How To Prepare Antique Furniture For Storage

Antique furniture is unique in that it often holds a great deal of monetary value in addition to the sentimental value. However, like all pieces of furniture, antiques can take up a great deal of living space in your room. If you want to free up some room, you may want to consider putting your collection of antique furniture in a self-storage unit. However, before you do so, it's important that you adequately prepare your furniture to ensure that it does not become damaged and lose its value while in storage.


First things first, you should give all of your furniture a deep clean. The type of cleaning that this entails largely depends on what type of materials your antiques are made out of. Wood should be waxed, metal should be oiled, and leather should be treated with specialized leather cleaning materials. Upholstery should most likely be cleaned by a professional to ensure a thorough cleaning and that the material does not become damaged.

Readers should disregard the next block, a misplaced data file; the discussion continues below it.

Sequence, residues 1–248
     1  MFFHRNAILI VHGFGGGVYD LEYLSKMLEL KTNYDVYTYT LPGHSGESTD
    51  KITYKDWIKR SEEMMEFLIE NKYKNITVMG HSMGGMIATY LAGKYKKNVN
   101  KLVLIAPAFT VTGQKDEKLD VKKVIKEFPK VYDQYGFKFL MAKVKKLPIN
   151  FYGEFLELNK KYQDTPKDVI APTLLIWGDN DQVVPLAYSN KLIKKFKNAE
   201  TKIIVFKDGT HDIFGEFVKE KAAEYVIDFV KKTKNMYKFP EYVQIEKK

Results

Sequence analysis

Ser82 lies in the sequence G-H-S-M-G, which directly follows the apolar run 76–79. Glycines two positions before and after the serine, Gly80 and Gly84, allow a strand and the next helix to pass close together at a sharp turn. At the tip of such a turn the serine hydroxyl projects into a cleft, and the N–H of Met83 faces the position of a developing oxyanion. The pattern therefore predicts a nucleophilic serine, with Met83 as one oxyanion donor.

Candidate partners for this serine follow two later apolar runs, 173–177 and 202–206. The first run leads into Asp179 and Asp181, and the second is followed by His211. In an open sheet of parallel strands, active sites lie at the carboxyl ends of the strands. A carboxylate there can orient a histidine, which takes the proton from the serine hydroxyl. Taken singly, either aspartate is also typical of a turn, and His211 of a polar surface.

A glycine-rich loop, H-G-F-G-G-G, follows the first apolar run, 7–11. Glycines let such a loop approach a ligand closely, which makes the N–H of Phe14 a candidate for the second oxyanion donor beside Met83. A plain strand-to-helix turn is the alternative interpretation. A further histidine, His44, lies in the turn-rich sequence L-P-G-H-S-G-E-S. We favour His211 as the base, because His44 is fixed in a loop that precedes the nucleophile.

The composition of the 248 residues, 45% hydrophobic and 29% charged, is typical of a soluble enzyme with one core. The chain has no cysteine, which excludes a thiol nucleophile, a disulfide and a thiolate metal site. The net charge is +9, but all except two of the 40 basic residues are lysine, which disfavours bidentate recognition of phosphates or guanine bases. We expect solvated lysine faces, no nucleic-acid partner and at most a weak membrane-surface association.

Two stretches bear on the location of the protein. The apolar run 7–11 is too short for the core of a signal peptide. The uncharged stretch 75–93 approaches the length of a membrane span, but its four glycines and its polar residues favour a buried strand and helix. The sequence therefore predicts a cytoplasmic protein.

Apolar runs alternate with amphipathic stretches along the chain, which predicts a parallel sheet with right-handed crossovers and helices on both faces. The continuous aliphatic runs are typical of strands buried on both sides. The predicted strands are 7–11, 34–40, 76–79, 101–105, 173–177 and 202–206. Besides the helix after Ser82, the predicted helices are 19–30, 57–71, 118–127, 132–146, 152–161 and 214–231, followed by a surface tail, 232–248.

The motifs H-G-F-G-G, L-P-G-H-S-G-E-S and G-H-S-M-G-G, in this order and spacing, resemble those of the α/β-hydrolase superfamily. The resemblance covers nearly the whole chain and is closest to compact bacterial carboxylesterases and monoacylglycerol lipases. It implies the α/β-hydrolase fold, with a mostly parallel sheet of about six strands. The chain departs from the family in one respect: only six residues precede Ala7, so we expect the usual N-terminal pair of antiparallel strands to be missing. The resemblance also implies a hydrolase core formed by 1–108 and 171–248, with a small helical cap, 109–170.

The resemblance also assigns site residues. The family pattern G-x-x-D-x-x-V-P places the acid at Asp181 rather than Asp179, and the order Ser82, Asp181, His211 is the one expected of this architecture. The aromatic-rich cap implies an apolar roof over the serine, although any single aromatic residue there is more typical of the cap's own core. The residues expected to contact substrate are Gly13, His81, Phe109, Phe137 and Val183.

Next, you should disassemble your antique furniture, if it is at all possible. This means taking off table and chair legs, armrests, and other smaller components. This makes it easier for you to pack your antiques into a moving vehicle, and that can help ensure that smaller and more delicate components do not become broken during the move or while in storage. Be sure to bag up all the screws and smaller parts and clearly label them so that you're able to reassemble your furniture once you take it out of storage. Use bubble wrap, clean blankets, or other cushioning materials to protect your antiques from scratches and minor physical damage.


Depending on the actual value of your antique furniture, you may want to consider taking out an insurance policy on your items. While it won't prevent your antiques from actually becoming damaged, it will help ensure that you are compensated in the event that they do break.

Climate Control

While not a preparation technique for your antiques specifically, it is a good idea to consider renting a climate controlled self-storage unit. While these types of storage units represent an increased long term cost, they provide a much higher degree of protection to your antiques by regulating the humidity and temperature levels within the unit, helping to ensure that wood does not warp, metal does not rust, and leather and upholstery does not become infested with mold, pests, or other undesirable substances.

For more information and options, talk with a company that offers furniture storage, such as Allen's Transfer.